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Interview: Bruce Hunter, Managing Director, Shaw-Ross International

September 16, 2021

Florida-based Shaw-Ross International is credited with largely sparking the Provence rosé trend in the U.S. through its long-term partnership with Sacha Lichine of Chateau d’Esclans and Whispering Angel rosé. In late 2019, Moët Hennessy acquired a majority stake in d’Esclans, and subsequently added it to its U.S. portfolio. Earlier this year, Shaw-Ross teamed up with Lichine again to launch The Pale ($17), a new Provence rosé, taking renewed aim at one of the wine market’s strongest categories. SND senior editor Shane English recently caught up with Bruce Hunter, managing director of Shaw-Ross, for an update on the rollout of The Pale as well as progress across the portfolio, which is expected to approach 2 million cases this year, also including brands like Gekkeikan sake and Frescobaldi.

SND: How has The Pale performed in the early going?

Hunter: Sacha Lichine and I have been good friends since we took on Whispering Angel around 16 years ago. We took a shot with that rosé and we’re lucky that we built Whispering Angel up to over half a million cases in the U.S. market. When Sacha came to me with another brand, The Pale, I immediately loved the packaging. It’s based on the cover of a New Yorker magazine from 1923. I think it’s very appealing to both male and female consumers. We will sell probably around 45,000 cases by the end of the year, and next year we’re looking to do between 100,000 and 125,000 cases. We were able to get into Albertsons/Safeway and Kroger and almost every major chain, basically sight unseen just based on the package. I think it shows you the strength of Sacha’s name and his history with rosé in the U.S. We’re able to parlay that. I see big numbers on this looking ahead.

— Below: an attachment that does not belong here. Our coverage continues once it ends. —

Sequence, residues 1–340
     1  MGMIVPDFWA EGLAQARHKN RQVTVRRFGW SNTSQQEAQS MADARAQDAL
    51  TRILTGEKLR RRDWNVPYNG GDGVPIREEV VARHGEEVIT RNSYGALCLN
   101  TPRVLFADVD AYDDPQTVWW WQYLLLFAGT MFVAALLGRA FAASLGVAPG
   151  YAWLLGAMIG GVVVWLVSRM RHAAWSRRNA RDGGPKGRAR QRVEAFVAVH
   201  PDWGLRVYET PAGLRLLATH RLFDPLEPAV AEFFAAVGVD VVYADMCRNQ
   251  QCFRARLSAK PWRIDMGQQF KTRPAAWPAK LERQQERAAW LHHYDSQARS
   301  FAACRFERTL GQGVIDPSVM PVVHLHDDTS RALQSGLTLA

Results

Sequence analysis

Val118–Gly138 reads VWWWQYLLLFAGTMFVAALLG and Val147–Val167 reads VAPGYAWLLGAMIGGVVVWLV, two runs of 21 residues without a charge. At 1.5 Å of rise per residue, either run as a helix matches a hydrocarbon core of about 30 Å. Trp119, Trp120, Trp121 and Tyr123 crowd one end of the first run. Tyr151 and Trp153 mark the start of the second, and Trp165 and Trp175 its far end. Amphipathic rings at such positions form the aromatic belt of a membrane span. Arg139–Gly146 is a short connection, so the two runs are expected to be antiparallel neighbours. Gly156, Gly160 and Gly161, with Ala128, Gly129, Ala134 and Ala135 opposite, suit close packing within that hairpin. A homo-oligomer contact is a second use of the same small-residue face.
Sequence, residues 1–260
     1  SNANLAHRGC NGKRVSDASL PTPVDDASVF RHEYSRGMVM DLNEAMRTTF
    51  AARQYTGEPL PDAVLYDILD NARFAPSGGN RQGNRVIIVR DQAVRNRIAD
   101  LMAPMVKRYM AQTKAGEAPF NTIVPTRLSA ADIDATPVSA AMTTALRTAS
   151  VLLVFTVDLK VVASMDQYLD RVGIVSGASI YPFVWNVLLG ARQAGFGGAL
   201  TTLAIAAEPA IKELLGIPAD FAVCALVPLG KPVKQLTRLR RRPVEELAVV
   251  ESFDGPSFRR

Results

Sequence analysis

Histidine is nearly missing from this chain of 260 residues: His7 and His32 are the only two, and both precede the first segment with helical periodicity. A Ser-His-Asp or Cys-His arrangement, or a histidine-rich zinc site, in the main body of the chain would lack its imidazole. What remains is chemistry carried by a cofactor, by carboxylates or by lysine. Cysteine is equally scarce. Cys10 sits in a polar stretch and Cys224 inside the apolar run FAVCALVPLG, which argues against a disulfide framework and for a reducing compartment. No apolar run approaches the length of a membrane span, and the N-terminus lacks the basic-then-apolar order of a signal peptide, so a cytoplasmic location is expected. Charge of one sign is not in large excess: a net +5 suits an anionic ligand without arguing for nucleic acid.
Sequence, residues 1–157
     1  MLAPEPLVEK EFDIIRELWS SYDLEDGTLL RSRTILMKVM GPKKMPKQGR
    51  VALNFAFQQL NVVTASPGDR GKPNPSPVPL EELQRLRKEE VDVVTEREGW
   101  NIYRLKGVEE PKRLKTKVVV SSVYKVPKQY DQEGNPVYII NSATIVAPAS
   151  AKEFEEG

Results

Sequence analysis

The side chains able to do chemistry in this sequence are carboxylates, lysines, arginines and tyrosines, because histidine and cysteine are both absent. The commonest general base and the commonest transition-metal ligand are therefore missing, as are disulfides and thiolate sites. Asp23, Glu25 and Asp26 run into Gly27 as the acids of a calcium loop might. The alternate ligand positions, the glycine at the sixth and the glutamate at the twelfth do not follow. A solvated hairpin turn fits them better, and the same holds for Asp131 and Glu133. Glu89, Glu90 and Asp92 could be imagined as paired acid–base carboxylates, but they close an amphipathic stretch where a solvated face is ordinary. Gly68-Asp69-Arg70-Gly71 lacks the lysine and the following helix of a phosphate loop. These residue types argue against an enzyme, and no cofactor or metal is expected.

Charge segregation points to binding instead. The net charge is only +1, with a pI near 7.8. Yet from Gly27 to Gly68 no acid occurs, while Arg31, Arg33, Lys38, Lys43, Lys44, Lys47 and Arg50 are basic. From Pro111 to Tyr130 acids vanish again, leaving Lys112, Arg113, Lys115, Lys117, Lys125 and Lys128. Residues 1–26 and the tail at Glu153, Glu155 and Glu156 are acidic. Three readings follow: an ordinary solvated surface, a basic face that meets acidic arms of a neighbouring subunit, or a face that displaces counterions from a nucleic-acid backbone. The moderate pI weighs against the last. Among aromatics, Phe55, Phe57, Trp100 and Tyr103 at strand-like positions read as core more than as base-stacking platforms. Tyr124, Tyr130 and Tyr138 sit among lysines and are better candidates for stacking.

SND: What are some other highlights for the last 18 months across the Shaw-Ross portfolio?

Hunter: During Covid we excelled with things like Gekkeikan sake. We’re over 500,000 cases with Gekkeikan in the U.S. market and continue to grow. In fact, year-to-date we’re up 12% in depletions. We broke some new ground in the off-premise, and the on-premise, as it comes back, is going to accelerate our sales.

SND: You also gained Italian wines from Frescobaldi in recent years. How are those brands progressing?

Hunter: For Frescobaldi, we actually finished up last year and, in the year-to-date through June, we’re up 17%. The great thing is that it’s wines like the Brunello and the Castiglioni, the higher marques that are doing really well. Nipozzano, too. It just shows you that we established a beachhead last year with brands like Frescobaldi and like La Scolca from Gavi, which was probably 60% on-premise pre-pandemic. We put all of our time, attention, focus, and power behind the off-premise to get a bigger footprint there. Now that the on-premise is coming back we’re reaping the rewards of that work, especially with La Scolca, which was up 5% last year and is up 39% year-to-date, with the return of restaurants accelerating its growth.

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